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Reicher asked what he’d told his son about the liquidation of the ghetto. The father got angry and replied that Hitler had been right to exterminate the Jews because they were parasites.
Reicher asked, “But aren’t there both good and bad people in every nation?”
The peasant grudgingly conceded that perhaps some Jews somewhere, sometime in history, may have been good, “but the ones who died here in the ghetto were forgers and thieves.”
The man didn’t know that he was speaking to a Jew who’d escaped from the very same ghetto, and that Reicher was not a thief but an esteemed and rather selfless physician. The bigot was wrong in his bigotry, not least because it was delusional, and it’s perhaps the delusion of it that renders the bigotry a little bit accessible to insight.
The bigot’s words to Reicher by the ghetto wall remind me of a passage from Tolstoy’s “Hadji Murad” that describes persecution not of Jews by Poles, but of Poles by Russians. Tolstoy writes of Czar Nicholas: “He had done much evil to the Poles. To justify that evil he had to feel certain that all Poles were rascals, and he considered them to be such and hated them in proportion to the evil he had done them.” Tolstoy’s inspiration for this idea may have come from the great Roman historian and psychologist Tacitus, who said, “Proprium humani ingenii est odisse quem laeseris,” or, “It is characteristic of human nature to hate the man you have wronged.”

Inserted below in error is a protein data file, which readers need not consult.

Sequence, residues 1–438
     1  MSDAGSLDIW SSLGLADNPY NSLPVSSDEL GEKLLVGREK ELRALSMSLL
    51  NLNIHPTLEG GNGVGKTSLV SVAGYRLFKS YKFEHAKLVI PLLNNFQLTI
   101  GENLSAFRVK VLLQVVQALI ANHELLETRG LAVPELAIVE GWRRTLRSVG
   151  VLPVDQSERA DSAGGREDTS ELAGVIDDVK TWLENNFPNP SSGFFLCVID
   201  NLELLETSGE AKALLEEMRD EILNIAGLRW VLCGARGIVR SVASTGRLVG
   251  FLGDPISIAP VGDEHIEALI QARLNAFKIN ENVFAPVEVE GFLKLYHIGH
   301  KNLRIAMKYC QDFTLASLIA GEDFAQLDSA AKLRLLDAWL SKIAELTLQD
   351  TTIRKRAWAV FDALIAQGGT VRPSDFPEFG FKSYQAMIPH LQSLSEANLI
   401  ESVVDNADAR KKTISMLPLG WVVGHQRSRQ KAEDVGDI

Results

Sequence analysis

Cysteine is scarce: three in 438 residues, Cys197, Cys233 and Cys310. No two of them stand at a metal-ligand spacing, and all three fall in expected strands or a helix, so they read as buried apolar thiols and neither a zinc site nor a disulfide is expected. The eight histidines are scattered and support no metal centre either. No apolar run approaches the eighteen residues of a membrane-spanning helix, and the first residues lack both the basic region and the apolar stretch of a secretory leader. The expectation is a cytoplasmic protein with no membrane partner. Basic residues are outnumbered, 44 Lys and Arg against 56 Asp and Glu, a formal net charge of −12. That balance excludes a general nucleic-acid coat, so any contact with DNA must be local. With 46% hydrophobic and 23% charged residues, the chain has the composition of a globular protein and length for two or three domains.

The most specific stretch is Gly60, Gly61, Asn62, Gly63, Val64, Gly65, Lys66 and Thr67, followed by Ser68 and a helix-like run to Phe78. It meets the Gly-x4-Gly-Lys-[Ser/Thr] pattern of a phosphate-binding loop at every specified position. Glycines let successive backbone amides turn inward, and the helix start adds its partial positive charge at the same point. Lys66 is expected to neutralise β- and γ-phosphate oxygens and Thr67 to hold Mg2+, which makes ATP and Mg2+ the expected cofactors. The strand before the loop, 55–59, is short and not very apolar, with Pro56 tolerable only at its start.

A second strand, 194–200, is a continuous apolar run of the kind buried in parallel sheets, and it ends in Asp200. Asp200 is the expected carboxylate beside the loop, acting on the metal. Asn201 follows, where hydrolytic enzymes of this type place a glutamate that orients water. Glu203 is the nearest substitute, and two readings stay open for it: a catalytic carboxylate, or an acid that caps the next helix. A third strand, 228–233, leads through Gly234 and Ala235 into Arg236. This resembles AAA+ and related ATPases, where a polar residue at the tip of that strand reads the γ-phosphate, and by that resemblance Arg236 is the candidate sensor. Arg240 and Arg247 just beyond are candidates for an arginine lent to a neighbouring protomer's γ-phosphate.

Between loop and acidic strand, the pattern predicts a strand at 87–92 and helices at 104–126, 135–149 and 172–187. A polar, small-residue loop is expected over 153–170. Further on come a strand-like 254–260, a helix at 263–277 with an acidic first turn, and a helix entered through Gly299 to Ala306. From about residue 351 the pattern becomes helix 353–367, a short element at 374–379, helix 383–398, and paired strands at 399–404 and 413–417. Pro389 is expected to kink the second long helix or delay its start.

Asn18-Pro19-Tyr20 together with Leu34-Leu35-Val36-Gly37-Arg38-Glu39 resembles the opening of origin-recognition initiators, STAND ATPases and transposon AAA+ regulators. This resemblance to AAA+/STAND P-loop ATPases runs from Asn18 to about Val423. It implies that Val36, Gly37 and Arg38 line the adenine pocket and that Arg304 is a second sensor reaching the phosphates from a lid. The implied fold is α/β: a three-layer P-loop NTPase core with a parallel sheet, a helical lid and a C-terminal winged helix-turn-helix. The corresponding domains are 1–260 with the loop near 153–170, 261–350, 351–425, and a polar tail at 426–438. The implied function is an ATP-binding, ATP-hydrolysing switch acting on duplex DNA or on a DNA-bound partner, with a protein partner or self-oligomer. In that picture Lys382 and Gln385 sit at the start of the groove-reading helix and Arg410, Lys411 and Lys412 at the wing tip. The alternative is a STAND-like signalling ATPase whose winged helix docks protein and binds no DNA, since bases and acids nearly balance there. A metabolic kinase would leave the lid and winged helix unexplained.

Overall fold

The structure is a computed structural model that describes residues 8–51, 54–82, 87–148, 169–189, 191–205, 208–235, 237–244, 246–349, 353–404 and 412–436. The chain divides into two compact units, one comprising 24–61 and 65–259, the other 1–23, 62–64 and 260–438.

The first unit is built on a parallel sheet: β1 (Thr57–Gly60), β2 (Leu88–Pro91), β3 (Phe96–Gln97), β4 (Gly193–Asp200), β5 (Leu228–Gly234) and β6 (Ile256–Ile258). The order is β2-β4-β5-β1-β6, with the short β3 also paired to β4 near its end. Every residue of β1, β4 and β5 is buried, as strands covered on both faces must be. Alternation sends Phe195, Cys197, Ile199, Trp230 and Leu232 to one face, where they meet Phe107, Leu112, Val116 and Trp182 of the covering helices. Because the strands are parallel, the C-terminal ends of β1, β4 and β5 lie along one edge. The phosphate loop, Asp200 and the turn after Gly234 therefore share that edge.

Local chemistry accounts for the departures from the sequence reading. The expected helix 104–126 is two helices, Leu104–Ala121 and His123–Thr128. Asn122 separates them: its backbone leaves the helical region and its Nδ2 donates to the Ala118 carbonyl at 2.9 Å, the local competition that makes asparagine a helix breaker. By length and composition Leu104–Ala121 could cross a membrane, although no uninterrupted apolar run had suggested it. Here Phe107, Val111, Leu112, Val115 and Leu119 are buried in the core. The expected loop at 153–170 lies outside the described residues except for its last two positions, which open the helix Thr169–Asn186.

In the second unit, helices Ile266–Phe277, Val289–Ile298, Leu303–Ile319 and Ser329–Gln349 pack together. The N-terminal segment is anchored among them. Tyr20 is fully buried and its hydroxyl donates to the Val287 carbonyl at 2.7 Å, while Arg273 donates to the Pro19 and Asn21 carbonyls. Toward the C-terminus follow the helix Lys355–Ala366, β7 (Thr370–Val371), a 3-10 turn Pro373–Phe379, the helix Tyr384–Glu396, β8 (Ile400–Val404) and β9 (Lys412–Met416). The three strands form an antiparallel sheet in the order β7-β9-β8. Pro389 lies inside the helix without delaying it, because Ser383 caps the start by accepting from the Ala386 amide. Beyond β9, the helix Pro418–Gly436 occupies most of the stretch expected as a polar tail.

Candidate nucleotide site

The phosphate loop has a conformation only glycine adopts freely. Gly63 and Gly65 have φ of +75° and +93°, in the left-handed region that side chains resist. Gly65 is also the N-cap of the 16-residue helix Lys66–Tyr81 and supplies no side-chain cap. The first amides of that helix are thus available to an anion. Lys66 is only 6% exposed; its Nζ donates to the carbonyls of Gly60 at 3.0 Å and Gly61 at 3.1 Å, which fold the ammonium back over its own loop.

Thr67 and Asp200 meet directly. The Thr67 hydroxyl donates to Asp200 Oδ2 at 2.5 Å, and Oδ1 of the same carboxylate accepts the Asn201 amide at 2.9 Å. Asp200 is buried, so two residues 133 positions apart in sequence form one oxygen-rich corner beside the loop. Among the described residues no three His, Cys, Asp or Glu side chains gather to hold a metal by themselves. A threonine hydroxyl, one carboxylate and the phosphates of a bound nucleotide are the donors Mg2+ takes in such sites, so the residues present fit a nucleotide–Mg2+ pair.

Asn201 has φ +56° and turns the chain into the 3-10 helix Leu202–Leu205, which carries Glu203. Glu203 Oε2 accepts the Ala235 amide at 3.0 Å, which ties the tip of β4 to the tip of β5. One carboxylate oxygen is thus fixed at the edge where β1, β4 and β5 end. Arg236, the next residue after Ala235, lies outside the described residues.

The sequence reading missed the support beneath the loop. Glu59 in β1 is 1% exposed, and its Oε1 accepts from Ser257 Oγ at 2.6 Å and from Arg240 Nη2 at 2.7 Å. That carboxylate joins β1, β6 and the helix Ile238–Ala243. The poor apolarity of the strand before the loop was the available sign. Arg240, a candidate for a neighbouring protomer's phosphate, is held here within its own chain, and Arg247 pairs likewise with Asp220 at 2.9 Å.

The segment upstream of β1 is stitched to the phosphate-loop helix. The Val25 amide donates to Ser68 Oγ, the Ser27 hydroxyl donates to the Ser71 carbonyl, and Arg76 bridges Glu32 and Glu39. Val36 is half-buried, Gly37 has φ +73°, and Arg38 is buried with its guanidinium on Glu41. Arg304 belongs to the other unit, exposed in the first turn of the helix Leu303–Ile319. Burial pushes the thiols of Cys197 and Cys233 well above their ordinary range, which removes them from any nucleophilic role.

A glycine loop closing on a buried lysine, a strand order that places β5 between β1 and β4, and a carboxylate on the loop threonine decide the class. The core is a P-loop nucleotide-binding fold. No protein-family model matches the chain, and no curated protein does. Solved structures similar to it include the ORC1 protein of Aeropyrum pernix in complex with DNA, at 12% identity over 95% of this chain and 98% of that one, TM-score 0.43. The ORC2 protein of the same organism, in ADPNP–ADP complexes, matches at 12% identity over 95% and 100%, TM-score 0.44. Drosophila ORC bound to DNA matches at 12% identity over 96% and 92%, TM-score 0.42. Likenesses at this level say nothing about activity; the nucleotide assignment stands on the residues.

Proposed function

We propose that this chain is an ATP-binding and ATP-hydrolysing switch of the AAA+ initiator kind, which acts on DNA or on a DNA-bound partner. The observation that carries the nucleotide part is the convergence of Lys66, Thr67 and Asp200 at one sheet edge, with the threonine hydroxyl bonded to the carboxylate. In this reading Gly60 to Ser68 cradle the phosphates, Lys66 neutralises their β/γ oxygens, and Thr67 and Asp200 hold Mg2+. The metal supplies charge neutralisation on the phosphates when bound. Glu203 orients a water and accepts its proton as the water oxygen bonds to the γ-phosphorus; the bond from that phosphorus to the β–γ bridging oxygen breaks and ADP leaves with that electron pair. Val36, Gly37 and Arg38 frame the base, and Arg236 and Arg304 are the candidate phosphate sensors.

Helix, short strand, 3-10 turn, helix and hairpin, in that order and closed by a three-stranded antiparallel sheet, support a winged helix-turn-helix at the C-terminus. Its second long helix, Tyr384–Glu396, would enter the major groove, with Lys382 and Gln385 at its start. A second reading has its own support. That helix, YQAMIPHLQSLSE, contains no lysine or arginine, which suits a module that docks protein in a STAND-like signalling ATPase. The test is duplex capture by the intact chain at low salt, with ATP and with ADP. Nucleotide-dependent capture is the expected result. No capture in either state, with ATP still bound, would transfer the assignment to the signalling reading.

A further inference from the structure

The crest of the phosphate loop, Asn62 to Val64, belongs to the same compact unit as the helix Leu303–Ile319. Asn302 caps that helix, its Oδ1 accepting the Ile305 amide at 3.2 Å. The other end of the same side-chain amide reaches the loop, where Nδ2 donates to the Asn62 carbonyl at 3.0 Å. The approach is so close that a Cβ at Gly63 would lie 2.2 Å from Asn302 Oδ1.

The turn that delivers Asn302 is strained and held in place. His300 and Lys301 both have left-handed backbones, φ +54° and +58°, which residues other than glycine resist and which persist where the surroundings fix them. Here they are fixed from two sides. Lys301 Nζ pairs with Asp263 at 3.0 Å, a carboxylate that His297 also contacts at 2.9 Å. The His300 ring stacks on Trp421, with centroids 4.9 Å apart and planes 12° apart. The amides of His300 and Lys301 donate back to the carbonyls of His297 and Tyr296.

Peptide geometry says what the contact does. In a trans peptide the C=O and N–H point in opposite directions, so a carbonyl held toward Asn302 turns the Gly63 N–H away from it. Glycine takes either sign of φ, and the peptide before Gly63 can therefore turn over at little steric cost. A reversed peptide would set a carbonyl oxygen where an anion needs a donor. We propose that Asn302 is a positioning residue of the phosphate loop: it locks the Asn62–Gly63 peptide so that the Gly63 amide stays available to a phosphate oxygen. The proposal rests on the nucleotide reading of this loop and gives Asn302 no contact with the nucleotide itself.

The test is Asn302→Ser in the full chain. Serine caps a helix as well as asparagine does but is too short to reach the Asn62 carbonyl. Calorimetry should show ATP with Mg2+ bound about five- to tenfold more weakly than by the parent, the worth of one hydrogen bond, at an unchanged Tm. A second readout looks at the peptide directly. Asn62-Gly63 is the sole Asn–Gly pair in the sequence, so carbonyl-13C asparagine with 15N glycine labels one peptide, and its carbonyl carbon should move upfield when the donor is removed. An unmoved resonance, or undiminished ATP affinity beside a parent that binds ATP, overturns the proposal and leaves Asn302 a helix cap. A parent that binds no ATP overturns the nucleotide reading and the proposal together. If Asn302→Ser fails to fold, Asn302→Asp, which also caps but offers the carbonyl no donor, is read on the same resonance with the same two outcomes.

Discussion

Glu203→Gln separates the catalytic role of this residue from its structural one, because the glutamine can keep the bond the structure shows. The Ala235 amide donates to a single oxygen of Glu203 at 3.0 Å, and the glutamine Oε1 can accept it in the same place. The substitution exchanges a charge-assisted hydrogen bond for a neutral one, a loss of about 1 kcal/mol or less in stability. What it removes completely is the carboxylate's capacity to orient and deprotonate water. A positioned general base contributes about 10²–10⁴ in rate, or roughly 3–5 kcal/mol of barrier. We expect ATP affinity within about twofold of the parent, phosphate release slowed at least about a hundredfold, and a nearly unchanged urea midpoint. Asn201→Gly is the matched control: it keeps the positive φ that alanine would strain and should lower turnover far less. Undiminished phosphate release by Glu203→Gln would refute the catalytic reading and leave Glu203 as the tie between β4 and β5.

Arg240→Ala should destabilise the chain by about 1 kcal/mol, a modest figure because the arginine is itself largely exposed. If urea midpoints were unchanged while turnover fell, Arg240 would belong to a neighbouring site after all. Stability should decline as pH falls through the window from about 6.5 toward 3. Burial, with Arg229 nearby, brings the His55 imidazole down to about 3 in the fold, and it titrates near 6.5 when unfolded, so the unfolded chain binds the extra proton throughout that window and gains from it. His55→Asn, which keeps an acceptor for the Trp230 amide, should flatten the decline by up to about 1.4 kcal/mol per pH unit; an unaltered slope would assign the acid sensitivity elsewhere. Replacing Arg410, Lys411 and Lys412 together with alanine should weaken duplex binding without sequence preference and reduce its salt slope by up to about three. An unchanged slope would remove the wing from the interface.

To Tacitus and Tolstoy’s point, there is probably not only ignorance and crudity to racism, but also a rather surprising element of misguided conscience; the Jews were slaughtered, so in the mind of that peasant, they must have deserved it. If they didn’t deserve it, that would mean an atrocity had occurred before God on Polish soil, and I suspect this Polish nationalist couldn’t countenance the idea of such a Polish sin.
Sigmund Freud would not have been surprised to see conscience behind bad behavior. He spent his career studying the ways that conscience causes us to avert our eyes from certain of our own thoughts, and the ways that this sort of “repression” can sometimes do more harm than good — not only to ourselves, but also to others. In his 1916 paper “Some Character-Types Met With in Psycho-Analytic Work,” Freud describes one type, to which he gives the name “Criminals From a Sense of Guilt.” While that short segment does not cover Tacitus’s or Tolstoy’s ground — it doesn’t touch on bigotry at all — it does supply a useful title to a general principle of psychology that’s highly relevant to bigotry: the notion that guilt can cause crime in addition to preventing it. What an idea!